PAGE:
Today, International House Philadelphia announced plans to sell its building and property at 3701 Chestnut Street and set a new course for the organization (read the full announcement here). With Lightbox Film Center’s history of operating as a public program of IHP, we want to share more about these changes with the Lightbox community and the impact that they will have on the program moving forward.
IHP has a proud legacy as a pioneering nonprofit that has made a difference in the lives of tens of thousands of international students and scholars who have come to Philadelphia to advance their studies. It has expanded the perspectives of an even greater number of local residents through programming, celebrating a range of global cultures and artforms, including film. But in recent years, IHP has been forced to reexamine its role as a hub for international students and cultural programming in a changing Philadelphia.
When IHP was founded over a century ago, housing market discrimination against foreign-born students was the norm in Philadelphia, along with concerns about safety and social isolation. Thankfully – and due in no small part to the cumulative impact of this institution – that is not the environment in which we live today. Area universities are now providing supports and community-building services to welcome international students like never before.
And when we began providing international cultural programming decades ago for the broader Philadelphia community through events such as our Lunar New Year celebrations and global galas, we were in many ways the only game in town. Philadelphia simply didn’t have as many windows onto the broader world compared to today’s more global city.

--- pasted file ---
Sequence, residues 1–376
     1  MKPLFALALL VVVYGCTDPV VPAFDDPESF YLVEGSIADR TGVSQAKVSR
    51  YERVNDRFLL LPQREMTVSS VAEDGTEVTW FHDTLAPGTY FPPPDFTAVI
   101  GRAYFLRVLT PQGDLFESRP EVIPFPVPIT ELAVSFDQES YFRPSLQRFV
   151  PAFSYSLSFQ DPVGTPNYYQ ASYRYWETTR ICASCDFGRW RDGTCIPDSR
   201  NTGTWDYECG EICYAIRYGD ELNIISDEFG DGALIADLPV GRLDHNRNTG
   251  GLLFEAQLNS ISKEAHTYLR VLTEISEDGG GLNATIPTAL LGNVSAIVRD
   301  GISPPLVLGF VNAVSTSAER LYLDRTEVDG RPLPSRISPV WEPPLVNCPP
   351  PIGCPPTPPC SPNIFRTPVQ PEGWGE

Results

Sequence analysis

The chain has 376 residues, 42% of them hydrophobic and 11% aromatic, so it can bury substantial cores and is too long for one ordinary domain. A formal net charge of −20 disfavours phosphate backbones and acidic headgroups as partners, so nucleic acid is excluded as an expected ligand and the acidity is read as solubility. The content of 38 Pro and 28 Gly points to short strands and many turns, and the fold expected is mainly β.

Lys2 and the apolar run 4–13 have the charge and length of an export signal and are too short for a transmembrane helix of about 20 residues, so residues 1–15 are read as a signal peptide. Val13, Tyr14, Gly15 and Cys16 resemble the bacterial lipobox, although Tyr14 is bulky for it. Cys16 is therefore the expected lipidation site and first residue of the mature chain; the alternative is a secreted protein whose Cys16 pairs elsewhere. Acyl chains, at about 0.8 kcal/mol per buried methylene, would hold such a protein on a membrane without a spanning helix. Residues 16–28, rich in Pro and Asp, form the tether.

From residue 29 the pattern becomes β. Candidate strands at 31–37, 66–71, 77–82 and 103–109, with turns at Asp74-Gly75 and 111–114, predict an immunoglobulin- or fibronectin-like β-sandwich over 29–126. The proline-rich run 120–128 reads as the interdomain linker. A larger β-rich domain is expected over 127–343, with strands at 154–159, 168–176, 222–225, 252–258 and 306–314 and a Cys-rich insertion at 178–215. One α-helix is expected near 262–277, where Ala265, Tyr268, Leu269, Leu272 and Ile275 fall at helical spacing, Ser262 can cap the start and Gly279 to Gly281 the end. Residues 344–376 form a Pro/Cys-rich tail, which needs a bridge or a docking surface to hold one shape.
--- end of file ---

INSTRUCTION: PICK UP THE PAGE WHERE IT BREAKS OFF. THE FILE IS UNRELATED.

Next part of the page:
The good news is that these broader trends – becoming a more welcoming community for international students and for cultural exchange – are exactly the kinds of changes that IHP set out to make from its founding. However, it has become increasingly difficult for IHP to continue to provide student housing and cultural programs in a Philadelphia where both are now in ample supply, contributing to operating deficits that, along with substantial deferred maintenance on the building, have put the organization at financial risk.
These challenging conditions set the stage for the decision to sell the property and start a new chapter for IHP. As we pursue these changes, Lightbox Film Center will continue to present a full slate of screenings through the remainder of 2019, including the Shimmering Synths series in July, an Abbas Kiarostami retrospective in September, and culminating with Dream Dance: The Art of Ed Emshwiller film series and exhibition October through December.
We are working aggressively to ensure that Lightbox’s unique mix of repertory, nonfiction, experimental, and international cinema programming continues well past the exciting 2019 that we have planned. We are in active conversations with arts organizations to provide a new home for Lightbox to ensure its sustainability moving forward and will have more to share about the program’s future in the coming months.
We deeply appreciate your support of Lightbox Film Center and your understanding as we navigate this difficult but necessary transition period for IHP. If you have any questions or concerns regarding these upcoming changes, please do not hesitate to reach out to Lightbox Managing Director Sarah Christy at 215-895-6539 or email@example.com.
Lightbox Film Center
Ludo Scheffer, PhD
IHP Board of Trustees